Jitney Jake Jacobs, Fuel Curve

Jitney Jake Jacobs, Fuel Curve

The following summer Jake and I took the tub to the annual L.A. Roadsters Father’s Day Roadster Show at Pomona. As we drove into the roadster-only preferred parking area one of the officials said, “It’s not finished.” To which Jake replied, “It is as far as I’m concerned.” The official turned us around and refused us entry. It was indicative of the mood of the times when flat-painted rods were not yet acceptable. We were the Sex Pistols on wheels.

Jitney Jake Jacobs, Fuel Curve

A younger group of rodders was getting it though, guys who couldn’t or wouldn’t afford a Boydster. They preferred funkier, early-style hot rods built like Jake’s from what was on hand or scored at swap meets rather than from a catalog.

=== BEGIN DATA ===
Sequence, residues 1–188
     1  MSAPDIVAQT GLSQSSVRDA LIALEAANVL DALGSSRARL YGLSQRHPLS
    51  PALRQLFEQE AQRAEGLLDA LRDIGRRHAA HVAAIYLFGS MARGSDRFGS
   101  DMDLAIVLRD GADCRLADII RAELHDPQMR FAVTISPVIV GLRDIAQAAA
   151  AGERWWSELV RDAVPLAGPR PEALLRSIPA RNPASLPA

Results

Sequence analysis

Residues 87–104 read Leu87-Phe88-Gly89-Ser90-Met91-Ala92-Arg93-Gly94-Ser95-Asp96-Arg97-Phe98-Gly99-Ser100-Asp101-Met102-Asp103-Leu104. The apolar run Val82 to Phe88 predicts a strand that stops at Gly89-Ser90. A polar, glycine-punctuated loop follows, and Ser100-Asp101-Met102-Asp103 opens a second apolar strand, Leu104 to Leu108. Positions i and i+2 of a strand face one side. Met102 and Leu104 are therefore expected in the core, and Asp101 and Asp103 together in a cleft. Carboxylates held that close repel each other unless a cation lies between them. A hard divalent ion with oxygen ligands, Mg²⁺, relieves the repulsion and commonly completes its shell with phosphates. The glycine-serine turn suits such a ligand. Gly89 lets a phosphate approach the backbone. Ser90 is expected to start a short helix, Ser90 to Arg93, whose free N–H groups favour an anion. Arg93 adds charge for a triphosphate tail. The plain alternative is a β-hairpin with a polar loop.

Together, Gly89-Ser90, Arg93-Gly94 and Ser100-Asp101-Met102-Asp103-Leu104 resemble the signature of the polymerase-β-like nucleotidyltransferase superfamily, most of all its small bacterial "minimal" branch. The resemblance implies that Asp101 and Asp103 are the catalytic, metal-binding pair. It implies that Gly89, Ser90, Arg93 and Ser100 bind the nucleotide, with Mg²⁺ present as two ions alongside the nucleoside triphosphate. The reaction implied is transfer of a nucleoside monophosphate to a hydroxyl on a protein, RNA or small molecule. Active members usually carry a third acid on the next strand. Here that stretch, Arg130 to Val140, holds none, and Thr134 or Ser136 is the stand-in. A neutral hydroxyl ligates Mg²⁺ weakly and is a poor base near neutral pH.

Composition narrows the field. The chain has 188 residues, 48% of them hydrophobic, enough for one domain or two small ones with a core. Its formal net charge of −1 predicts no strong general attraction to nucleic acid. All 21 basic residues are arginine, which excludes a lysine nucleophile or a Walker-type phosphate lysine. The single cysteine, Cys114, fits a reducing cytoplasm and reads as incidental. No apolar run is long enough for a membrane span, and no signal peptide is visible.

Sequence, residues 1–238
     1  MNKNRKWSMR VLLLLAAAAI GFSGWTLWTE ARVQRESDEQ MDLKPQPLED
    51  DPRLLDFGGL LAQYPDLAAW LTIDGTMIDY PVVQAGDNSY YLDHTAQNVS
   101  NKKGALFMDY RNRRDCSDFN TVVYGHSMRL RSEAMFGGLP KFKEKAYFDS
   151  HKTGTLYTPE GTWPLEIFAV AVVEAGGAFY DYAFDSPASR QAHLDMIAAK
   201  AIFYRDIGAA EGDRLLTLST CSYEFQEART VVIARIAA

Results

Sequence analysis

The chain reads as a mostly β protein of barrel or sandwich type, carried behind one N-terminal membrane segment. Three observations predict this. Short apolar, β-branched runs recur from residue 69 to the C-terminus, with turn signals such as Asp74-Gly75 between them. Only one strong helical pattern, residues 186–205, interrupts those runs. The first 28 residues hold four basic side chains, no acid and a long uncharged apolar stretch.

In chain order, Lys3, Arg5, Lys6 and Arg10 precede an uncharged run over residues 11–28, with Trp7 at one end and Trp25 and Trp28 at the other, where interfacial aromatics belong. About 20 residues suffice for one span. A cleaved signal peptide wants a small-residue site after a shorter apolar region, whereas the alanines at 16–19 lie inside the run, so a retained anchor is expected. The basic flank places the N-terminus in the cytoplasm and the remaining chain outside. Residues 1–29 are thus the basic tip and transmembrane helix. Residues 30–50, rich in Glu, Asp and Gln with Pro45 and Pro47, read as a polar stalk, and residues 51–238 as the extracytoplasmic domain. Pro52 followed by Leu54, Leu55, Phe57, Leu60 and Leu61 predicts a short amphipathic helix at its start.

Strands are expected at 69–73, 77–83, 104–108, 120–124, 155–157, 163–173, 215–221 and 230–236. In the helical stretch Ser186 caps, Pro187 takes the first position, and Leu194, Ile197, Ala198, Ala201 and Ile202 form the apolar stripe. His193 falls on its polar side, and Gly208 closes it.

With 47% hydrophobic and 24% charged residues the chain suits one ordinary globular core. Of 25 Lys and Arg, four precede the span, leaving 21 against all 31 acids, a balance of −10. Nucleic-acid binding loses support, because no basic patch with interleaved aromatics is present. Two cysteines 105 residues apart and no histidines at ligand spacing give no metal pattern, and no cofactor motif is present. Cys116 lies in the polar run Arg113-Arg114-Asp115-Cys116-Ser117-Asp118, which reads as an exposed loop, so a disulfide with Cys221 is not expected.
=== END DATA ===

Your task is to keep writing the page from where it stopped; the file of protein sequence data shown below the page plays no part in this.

Around that time, we were all hanging in Hollywood going to bars and art openings at galleries such as Tamara Bane where Robert “The Chrome Kid” Williams would often have art shows. At the time, Robert was driving a primered Deuce roadster tagged with “Wild Bill” Hickok’s last hand “Aces & Eights.” Often, Robert’s nephew Aaron Kahan would be there in his chopped ’32 5-window, with primer spots, no less. Aaron purchased his coupe for $6,950; quickly had it chopped and drove it to Bob’s Big Boy in Burbank saying, “I drove the partially finished car to Bob’s, all sorts of people gathered around. That taught me one lesson—why not drive an ‘in progress’ car?” It was the start of a movement.

Jitney Jake Jacobs, Fuel Curve